There are times when you pull the trigger, the hammer falls, but nothing happens. During normal operation, your weapon is supposed to fire anytime the hammer falls, but this problem is known as a “light strike.” The most likely problem is that the striker spring is loose, or that dirt is getting in the way of your hammer making solid contact.
Misfires are never a good thing and it’s important to get to the bottom of the issue. On your own, you can disassemble your Bodyguard .38 and make sure that everything is cleaned, oiled, and good to go. You can also tighten the striker spring if the gun appears clean and dirt likely isn’t the issue. If the problem persists or you’re uncomfortable tightening the striker spring, you should have your gun professionally serviced and tested.
Cylinder Doesn’t Close Completely Because of Extractor Star
If you don’t properly clean and maintain your Bodyguard .38 revolver, there’s a good chance that you’ll have problems with the extractor star. The extractor star is on the cylinder of your gun and helps with the removal of used cartridges. However, if enough dirt, oil, or gunk accumulates on the star, you won’t be able to completely latch the cylinder when reloading.
The best way to keep this from happening is to clean your gun regularly. If you keep your extractor star and cylinder clean, you won’t have this issue with your Bodyguard .38. To clean your extractor star, use an old toothbrush and a Q-tip and lightly sweep and brush away the debris on and under the star.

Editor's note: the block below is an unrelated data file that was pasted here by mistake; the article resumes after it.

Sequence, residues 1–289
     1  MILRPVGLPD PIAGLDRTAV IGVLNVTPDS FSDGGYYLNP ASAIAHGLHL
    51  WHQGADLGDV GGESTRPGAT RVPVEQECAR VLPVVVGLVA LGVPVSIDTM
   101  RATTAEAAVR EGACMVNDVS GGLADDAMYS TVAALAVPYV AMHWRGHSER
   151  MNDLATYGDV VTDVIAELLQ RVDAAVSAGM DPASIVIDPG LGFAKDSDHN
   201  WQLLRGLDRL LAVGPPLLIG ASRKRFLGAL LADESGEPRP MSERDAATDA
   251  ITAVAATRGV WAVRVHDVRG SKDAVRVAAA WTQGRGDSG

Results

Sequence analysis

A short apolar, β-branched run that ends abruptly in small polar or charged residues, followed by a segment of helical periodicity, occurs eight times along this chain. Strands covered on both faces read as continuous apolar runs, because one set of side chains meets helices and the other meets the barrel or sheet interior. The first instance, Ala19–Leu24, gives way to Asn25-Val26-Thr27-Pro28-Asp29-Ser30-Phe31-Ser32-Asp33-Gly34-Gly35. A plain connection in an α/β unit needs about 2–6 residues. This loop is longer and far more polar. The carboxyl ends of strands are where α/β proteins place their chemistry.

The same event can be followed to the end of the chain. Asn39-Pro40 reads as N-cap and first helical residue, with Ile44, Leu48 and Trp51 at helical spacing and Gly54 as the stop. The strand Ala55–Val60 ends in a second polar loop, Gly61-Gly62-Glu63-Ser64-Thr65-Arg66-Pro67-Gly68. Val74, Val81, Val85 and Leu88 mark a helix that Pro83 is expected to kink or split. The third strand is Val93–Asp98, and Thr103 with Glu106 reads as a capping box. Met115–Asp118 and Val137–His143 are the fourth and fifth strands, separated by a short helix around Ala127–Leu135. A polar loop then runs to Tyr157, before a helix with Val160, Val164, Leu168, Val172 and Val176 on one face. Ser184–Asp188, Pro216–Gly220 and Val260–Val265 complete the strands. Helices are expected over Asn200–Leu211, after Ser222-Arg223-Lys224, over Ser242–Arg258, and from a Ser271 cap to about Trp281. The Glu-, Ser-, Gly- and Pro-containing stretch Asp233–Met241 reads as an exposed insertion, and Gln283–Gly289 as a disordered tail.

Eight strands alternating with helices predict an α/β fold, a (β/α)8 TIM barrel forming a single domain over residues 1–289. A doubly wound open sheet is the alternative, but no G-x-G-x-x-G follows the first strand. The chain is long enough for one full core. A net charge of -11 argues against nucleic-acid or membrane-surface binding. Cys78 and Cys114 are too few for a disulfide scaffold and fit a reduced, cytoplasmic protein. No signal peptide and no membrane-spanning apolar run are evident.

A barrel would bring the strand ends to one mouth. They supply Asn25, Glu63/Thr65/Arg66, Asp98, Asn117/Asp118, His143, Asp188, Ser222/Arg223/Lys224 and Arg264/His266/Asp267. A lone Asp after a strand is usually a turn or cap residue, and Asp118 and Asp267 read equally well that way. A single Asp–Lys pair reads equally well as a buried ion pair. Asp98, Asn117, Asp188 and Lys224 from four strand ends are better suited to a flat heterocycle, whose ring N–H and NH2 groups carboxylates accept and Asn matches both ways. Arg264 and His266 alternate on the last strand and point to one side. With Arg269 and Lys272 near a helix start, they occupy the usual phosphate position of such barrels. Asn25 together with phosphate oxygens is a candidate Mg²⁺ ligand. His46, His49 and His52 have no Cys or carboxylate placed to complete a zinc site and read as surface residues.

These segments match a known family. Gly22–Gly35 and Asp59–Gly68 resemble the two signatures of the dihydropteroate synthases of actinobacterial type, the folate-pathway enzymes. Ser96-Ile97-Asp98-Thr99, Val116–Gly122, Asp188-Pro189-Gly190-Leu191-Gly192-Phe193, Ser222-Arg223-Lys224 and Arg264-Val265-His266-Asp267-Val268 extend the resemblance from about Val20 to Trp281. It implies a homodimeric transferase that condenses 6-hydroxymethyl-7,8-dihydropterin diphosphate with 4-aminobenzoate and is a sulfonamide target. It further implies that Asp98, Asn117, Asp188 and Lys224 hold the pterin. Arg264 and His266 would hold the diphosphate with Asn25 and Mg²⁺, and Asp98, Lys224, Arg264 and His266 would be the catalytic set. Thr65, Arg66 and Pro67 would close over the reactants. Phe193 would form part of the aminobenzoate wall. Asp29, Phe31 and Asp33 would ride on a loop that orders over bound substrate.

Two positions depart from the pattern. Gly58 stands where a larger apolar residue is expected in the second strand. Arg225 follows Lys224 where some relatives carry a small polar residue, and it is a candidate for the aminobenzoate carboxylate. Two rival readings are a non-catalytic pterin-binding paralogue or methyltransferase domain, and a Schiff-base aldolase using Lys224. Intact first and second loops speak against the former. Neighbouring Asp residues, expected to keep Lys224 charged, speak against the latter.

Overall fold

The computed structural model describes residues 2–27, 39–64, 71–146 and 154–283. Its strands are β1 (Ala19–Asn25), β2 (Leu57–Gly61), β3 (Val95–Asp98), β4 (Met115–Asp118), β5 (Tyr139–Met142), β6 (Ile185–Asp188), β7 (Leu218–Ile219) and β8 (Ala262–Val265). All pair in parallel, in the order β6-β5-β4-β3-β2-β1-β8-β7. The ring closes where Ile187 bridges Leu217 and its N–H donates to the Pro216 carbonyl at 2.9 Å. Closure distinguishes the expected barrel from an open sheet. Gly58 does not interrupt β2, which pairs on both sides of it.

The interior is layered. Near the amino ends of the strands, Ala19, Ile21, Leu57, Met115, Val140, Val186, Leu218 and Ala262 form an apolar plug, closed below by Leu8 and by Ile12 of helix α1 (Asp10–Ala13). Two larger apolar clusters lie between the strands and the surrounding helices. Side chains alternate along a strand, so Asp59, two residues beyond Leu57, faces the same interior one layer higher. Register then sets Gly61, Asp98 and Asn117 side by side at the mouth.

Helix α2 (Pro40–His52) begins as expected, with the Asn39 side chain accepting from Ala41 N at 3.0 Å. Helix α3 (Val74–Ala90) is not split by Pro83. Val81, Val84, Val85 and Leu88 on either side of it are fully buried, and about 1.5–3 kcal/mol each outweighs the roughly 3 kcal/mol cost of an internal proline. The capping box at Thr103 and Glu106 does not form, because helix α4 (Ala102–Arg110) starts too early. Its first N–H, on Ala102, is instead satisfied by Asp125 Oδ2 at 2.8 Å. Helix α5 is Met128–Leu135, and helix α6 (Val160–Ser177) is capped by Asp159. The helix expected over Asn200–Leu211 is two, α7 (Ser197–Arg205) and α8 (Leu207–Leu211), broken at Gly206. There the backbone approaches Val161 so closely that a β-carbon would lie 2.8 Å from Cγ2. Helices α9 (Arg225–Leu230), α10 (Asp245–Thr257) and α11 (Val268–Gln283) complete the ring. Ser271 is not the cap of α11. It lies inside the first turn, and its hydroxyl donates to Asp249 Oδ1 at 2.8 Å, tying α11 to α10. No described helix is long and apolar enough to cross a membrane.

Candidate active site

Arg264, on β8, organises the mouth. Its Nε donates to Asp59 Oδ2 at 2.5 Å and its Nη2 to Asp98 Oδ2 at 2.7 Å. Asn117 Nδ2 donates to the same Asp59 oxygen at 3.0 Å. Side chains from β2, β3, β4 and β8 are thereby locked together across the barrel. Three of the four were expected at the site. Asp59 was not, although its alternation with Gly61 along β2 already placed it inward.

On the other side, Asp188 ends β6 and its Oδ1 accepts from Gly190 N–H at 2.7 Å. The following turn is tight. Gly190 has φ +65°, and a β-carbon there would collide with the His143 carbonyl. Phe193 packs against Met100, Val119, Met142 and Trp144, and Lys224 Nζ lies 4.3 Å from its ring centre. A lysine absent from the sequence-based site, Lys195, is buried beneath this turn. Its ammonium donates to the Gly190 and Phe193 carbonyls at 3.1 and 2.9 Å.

Loose Extractor Rod
Another possible problem with the Bodyguard .38 and all revolvers for that matter is a loose extractor rod. Check the extractor rod to ensure that it’s tight using your fingers. If the extractor rod feels loose or you’re suspicious that this is the issue, let’s look at how to tighten it.
When tightening the extractor rod on an S&W, always place EMPTY casings in the chambers to support the extractor before tightening or loosening it. There are proper tools to loosen/install the extractor but if you lack those tools there are other acceptable tools, as long as you don’t use pliers. Follow the manufacturer’s guidelines as far as how tight the rod should be. If you don’t trust yourself, you can take your gun to a gunsmith and they will tighten the rod appropriately.
As you can see, the Smith & Wesson Bodyguard isn’t immune to its fair share of issues. The good news is that most of these issues aren’t unique to S&W revolvers, but are common in revolvers in general. Most of these problems outside of the chamber locking up due to mechanical issues also have easy fixes. It’s a good idea to familiarize yourself with revolvers and how to maintain them before purchasing the S&W Bodyguard .38.
Despite the problems that are common with the S&W Bodyguard .38, a majority of gun-owners love this little weapon. It’s small, reliable, and doesn’t have many unique problems that other revolvers don’t also have. If you’re in the market for a small and reliable revolver, the S&W Bodyguard .38 is one of the top options on the market.
Joseph has been hunting for most of his life. Some of his best memories were growing up sitting in a treestand or a blind and waiting for a monster buck to come along. His main focus has been deer hunting, typically with my trusty 20 gauge shotgun.